June 1, 2012

Wanted: Skilled volunteers to help with next phase of rebuilding process

By John Shaughnessy

Three months after tornadoes unleashed a devastating trail of death and destruction across southern Indiana, skilled volunteers are now desperately needed to continue the process of rebuilding lives and homes.

“The area is still devastated,” says Jane Crady, coordinator of disaster preparedness and response for Catholic Charities in the archdiocese. “The debris is cleaned up. Now, we need skilled volunteers. When I say skilled, they don’t have to be professionals. They can have home experience where they’ve remodeled a room or helped to build an addition.

“We have to have groups that have at least one skilled person for every four to five unskilled workers as long as that one skilled person is willing to work with and teach the others.”

A number of youth groups have already registered to help with the rebuilding—enough to cover the month of June. Crady appreciates their volunteer spirit and the skilled workers who have signed up to direct them.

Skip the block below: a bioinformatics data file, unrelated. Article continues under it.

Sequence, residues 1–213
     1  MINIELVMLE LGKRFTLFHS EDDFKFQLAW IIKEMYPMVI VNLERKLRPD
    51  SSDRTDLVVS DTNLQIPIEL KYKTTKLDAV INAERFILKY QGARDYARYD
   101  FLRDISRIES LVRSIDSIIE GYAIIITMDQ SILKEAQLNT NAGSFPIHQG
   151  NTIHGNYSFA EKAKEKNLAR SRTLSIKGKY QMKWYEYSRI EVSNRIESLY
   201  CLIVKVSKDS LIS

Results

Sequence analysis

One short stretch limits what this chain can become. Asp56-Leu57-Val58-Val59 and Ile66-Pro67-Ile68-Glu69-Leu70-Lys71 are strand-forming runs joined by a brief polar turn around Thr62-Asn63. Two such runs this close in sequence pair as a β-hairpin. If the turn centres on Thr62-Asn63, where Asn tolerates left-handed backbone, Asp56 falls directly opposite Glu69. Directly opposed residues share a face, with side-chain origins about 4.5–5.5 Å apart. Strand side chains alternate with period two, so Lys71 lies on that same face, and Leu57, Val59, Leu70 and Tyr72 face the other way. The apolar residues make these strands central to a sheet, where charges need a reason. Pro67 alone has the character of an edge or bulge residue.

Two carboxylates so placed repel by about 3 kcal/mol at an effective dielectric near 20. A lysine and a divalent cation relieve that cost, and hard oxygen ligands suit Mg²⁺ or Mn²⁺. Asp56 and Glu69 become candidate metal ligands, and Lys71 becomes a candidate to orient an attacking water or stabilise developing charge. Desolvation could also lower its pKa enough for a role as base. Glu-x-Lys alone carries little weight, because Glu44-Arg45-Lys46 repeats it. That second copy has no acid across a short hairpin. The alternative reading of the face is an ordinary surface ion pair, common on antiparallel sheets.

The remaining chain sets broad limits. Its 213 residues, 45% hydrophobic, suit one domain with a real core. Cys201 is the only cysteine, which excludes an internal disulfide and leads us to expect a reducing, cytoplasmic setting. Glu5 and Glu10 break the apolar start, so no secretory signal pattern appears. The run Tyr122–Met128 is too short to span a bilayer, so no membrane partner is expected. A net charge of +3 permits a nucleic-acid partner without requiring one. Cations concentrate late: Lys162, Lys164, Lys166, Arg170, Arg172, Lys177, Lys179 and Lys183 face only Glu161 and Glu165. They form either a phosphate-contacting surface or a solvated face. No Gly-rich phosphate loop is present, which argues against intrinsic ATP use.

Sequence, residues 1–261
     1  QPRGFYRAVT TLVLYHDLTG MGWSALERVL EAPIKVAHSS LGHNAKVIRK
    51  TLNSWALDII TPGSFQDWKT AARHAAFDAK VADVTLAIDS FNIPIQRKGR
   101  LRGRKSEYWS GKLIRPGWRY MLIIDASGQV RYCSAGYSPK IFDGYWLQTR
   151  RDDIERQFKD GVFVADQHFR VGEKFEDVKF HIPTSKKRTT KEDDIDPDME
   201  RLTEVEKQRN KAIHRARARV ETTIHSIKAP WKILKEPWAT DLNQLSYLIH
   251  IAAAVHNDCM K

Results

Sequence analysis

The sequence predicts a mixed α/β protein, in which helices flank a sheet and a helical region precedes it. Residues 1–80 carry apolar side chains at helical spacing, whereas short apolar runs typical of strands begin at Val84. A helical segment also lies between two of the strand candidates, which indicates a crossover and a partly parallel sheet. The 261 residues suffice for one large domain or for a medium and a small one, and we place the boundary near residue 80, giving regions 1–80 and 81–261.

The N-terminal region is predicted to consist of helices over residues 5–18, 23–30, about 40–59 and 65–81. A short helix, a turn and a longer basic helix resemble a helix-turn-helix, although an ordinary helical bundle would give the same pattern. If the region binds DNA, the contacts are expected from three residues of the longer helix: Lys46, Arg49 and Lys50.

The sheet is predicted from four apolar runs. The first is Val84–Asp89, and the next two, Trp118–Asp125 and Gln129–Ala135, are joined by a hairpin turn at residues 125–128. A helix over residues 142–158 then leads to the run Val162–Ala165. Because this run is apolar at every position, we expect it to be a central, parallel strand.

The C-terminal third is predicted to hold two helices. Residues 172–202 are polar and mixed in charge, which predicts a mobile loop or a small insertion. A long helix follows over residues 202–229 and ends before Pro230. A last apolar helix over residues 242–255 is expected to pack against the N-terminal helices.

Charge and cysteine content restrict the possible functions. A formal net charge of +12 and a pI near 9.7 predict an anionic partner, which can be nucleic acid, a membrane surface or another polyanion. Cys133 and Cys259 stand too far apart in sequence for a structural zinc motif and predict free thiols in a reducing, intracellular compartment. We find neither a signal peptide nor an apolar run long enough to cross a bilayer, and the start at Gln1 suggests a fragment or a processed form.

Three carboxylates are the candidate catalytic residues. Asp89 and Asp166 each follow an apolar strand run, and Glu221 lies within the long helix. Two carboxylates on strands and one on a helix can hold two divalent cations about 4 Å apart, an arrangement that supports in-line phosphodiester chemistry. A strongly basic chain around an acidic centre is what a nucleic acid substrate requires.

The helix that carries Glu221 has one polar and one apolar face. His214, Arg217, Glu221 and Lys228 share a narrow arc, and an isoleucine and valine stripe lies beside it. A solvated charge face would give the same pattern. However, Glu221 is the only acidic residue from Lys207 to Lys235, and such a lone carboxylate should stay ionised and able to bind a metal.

“A lot of our college and high school kids don’t have the skills yet, but we’ve still done some wonderful things with them as long as they have good skilled leaders,” Crady notes. “After the floods of 2008 [in Martinsville], I took groups of mostly high school girls, and we dry walled, mudded and taped an entire house. Once they were shown how, they did a nice job. That’s what we’re ready for now.”

Volunteer skilled workers will be needed in the area for the next two years, Crady estimates.

Expertise in plumbing, drywall and electrical work is needed. So are volunteers to paint, landscape, install kitchen cabinets and help with other projects to aid people in returning to their homes.

Volunteers can register to help at www.archindy.org/cc/disaster.

Catholic Charities officials also say there are many ways for people to help the rebuilding effort even if they are unable to volunteer. They suggest holding fundraisers to purchase gift cards from home improvement stores. They also ask people to continue to pray for families whose lives have been uprooted by the tornado damage.

“Volunteers are our lifeline,” Crady says. “Without volunteers and donations, we couldn’t do anything.” †

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